Marlowe is also said to have joined Day in the comedy of "The Maiden's Holiday," which has never been printed, and was one of the plays destroyed

The most remarkable are as follows:

————— embalm my body:

when I am embalmed

Apparel me in a rich royal robe

According to the custom of the land;

Then place my bones within that brazen shrine."—

A. i. S. ii.

Philip is described in the tract as also giving directions for his funeral in which these words occur, "Commanding that this my body so soon as ever my soul shall be separated from the same be embalmed; then apparelled with a royal robe and so placed in this brazen shrine."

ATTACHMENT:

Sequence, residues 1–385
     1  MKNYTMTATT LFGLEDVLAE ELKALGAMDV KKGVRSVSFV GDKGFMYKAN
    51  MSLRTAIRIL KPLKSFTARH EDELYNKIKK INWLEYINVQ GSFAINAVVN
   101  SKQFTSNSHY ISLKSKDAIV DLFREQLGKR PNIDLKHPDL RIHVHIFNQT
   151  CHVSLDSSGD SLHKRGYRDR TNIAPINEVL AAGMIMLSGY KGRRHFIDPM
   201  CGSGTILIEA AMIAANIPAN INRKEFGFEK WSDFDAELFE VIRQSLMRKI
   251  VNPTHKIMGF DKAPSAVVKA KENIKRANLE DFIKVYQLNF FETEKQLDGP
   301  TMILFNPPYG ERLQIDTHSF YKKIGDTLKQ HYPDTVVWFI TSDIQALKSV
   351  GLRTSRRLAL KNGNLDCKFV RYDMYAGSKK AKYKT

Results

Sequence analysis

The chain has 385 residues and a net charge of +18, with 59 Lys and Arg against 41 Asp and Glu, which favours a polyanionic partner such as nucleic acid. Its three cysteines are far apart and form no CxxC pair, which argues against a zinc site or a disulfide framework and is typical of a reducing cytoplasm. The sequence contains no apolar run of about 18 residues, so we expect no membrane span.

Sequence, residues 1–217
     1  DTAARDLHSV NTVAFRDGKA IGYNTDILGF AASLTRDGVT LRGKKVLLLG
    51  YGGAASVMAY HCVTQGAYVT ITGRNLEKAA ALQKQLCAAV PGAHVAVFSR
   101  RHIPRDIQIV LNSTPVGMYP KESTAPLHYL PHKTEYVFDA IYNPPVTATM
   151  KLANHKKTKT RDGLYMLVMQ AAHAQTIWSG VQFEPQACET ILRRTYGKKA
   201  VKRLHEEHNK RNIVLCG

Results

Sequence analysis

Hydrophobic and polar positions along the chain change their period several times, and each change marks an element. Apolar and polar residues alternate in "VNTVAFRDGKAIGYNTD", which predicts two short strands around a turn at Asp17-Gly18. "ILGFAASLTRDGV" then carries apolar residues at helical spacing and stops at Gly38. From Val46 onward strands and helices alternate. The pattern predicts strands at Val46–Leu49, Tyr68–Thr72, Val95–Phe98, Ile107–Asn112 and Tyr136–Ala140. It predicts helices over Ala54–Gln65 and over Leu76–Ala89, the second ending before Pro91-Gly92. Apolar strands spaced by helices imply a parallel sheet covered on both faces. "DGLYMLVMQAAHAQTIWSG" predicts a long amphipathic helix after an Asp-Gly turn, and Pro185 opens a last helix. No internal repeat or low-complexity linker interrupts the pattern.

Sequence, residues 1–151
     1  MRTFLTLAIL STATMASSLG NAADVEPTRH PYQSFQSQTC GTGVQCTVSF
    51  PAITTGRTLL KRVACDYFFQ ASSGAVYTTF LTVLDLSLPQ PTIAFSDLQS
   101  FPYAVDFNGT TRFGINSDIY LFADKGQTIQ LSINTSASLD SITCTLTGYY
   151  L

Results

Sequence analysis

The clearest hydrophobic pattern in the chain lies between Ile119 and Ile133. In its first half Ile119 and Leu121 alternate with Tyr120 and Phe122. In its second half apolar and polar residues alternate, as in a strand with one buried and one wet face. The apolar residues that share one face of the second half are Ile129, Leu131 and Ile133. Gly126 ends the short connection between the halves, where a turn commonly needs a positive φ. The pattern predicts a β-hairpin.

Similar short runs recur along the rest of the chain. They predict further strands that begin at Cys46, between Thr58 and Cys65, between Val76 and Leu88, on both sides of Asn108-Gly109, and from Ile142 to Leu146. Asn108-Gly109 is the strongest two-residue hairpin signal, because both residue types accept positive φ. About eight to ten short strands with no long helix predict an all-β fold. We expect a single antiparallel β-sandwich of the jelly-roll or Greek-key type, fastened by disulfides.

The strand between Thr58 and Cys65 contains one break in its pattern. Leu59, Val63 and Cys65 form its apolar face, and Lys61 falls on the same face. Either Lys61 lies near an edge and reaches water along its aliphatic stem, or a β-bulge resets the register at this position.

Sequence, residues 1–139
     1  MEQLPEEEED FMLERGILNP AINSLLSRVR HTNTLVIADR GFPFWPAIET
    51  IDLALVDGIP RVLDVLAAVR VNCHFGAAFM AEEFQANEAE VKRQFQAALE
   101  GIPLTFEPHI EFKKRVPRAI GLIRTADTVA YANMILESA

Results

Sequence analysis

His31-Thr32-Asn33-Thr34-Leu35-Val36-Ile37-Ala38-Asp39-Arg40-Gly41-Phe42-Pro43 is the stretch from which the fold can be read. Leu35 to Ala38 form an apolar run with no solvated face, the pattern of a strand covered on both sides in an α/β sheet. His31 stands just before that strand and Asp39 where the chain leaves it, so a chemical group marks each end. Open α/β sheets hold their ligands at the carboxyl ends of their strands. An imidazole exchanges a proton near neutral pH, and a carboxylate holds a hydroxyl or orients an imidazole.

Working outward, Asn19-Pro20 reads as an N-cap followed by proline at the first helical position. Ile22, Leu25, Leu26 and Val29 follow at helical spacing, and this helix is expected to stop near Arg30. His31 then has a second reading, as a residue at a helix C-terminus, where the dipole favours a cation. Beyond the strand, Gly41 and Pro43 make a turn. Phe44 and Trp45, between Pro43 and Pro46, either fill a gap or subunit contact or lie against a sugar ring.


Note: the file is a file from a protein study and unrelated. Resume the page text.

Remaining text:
And, again,

"Have care to Isabel,

Her virtue was King Philip's looking glass.”—A. i. S. ii.

"I pray you have a great care and regard to your sister, because she was my looking glass."-TRACT.